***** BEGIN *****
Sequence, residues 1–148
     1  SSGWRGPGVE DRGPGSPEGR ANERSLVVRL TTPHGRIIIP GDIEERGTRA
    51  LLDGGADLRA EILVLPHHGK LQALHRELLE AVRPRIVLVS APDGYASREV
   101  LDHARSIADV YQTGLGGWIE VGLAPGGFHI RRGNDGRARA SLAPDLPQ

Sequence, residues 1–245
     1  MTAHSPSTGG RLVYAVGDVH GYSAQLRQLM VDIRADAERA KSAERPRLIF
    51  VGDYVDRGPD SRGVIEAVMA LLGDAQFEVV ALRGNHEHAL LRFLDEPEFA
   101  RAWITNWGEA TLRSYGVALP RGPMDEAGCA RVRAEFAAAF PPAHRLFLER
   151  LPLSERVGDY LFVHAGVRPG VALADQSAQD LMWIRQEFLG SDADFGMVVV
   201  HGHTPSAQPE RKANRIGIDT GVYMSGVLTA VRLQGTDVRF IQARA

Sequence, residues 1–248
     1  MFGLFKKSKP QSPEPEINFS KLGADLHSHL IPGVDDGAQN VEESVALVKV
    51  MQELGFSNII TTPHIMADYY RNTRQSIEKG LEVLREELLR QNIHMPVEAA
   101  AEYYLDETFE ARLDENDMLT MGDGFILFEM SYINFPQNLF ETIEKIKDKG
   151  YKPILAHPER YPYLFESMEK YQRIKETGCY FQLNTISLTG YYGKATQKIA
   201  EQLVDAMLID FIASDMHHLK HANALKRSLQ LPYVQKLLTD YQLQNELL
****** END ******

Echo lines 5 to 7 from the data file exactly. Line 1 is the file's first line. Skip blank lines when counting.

Sequence, residues 1–245
     1  MTAHSPSTGG RLVYAVGDVH GYSAQLRQLM VDIRADAERA KSAERPRLIF
    51  VGDYVDRGPD SRGVIEAVMA LLGDAQFEVV ALRGNHEHAL LRFLDEPEFA